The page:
terial. However, when scaled up to a similar level of amplitude, the

standard deviation of the amplitude trajectory of the 1st partial of

the source material becomes 0.013, while the standard deviations

of the synthesized material are 0.022 for the Scaled Normal and

0.018 for the Skew Normal synthesis method. This means, that

the synthesized distributions are wider than the original distribu-

tion. The irregular distributions of the amplitude trajectories of the

synthesized material are most probably impacted by a Markovian

random walk. This is to be expected since the inﬂuence of the rel-

evant parameter on containg the effect of a random walk (αfor the

Scaled Normal model and γfor the Skew Normal model) has been

decreased compared to the synthesis of the frequency trajectories.

In the previous section, similarities between the two synthe-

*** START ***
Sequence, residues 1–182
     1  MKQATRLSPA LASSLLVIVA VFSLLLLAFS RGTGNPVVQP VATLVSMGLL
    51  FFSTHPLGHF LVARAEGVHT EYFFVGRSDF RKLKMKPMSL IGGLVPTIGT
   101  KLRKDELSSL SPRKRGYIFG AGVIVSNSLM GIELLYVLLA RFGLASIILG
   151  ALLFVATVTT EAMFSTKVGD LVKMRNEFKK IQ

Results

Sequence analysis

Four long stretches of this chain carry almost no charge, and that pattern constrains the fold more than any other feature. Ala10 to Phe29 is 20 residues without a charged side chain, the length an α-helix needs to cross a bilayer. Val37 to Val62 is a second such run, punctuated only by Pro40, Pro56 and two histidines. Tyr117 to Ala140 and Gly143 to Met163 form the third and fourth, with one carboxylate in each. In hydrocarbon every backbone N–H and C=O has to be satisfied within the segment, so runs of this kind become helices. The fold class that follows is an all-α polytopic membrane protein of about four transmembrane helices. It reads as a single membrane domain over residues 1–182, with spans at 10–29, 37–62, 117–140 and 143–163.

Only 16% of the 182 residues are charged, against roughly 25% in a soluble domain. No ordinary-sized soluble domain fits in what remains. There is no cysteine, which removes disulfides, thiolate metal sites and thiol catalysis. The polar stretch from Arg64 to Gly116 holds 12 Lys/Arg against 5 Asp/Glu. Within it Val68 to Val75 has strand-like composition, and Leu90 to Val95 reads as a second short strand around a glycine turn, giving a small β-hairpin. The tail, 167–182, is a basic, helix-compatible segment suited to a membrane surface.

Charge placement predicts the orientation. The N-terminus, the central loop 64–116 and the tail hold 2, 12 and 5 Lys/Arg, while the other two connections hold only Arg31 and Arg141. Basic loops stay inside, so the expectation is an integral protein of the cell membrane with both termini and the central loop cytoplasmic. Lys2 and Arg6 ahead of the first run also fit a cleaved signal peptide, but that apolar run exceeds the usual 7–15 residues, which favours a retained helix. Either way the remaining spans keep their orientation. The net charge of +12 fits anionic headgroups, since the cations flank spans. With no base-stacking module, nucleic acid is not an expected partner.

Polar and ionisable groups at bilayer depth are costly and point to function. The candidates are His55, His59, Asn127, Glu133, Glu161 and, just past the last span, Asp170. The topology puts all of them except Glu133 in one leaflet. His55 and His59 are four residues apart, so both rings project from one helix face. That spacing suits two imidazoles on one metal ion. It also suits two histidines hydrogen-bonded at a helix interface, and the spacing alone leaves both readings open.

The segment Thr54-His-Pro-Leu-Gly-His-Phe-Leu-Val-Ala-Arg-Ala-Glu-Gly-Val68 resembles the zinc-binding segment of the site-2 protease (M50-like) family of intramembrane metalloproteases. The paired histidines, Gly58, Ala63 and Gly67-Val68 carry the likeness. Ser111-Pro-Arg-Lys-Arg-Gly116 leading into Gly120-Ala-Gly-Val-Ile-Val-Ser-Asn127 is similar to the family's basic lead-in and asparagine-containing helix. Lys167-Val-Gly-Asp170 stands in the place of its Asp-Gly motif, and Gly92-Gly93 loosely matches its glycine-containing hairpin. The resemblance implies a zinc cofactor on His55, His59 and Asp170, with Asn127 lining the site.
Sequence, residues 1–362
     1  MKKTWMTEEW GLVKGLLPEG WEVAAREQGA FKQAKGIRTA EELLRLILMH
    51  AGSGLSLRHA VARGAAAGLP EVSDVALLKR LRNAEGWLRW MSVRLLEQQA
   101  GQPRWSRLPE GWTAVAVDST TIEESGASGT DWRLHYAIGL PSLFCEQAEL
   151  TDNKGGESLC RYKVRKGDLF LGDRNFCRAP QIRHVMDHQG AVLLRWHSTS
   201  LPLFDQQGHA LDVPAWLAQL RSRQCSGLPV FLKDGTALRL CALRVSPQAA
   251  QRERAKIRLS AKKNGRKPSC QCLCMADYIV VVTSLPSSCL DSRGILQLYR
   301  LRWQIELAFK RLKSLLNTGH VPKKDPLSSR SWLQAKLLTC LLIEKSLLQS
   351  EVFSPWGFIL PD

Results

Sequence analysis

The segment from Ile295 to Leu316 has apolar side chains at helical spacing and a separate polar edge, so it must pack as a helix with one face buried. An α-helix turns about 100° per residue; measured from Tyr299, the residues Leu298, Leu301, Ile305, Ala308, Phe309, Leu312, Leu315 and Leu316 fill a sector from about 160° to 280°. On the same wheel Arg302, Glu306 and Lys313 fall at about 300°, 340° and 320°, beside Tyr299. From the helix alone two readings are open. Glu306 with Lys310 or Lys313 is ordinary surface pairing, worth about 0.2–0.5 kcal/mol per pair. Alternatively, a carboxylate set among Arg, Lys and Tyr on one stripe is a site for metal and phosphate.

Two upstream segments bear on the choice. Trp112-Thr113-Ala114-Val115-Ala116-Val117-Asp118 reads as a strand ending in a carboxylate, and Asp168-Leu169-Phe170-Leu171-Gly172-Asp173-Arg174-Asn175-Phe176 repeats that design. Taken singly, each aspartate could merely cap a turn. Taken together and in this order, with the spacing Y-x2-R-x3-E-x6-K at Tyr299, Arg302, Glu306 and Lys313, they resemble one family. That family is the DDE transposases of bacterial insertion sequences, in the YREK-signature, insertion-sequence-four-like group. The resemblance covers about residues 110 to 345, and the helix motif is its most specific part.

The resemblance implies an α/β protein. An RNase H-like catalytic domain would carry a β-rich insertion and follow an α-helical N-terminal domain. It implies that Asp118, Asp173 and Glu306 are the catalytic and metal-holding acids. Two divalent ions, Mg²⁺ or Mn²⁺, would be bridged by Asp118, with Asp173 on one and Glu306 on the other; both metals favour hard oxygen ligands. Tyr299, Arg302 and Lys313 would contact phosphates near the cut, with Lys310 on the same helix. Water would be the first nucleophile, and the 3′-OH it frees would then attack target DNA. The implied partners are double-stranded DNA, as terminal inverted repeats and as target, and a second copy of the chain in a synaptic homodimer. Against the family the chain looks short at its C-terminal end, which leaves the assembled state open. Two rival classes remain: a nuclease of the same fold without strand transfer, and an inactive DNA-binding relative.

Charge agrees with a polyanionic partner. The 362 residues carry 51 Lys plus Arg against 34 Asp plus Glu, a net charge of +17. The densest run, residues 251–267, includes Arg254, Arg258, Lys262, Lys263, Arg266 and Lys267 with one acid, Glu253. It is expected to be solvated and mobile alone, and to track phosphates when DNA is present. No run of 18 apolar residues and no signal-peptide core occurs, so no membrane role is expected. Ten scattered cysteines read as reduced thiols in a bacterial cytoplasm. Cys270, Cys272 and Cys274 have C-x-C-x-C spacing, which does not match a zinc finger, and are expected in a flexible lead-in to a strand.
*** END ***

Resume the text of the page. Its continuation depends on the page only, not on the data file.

sized sound items have already been highlighted. Furthermore,

there are similarities with the FFTs of the source sound item, too:

All three share the highest peak within their respective amplitude

trajectory FFTs in the region between 5 Hz -25 Hz, with a gener-

alised decline until they approach 0 at around 75 Hz for the synthe-

sized sounds and 100 Hz for the source sound. The frequency tra-

jectories also follow a similar makeup: A region of highest peaks

followed by a decline approaching 0 at around 90 Hz for the syn-

thesized sound items and 125 Hz for the source sound are included

in all three spectra. The difference in frequency at which the FFT

approaches 0 between the plateaus of source sound and the synthe-

sized sounds can perhaps be explained by a difference in nature:

since the source sound trajectory is based on a recording, it might

be susceptible to recording noise, in contrast to the digitally syn-

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thetic nature of the synthesized sound items.

Figure 9: Mean error of spectral centroid between source material

and synthesized material across sound items.

5.2. Comparison by Dynamic Level

In order to evaluate the capabilities of the analysis-synthesis ap-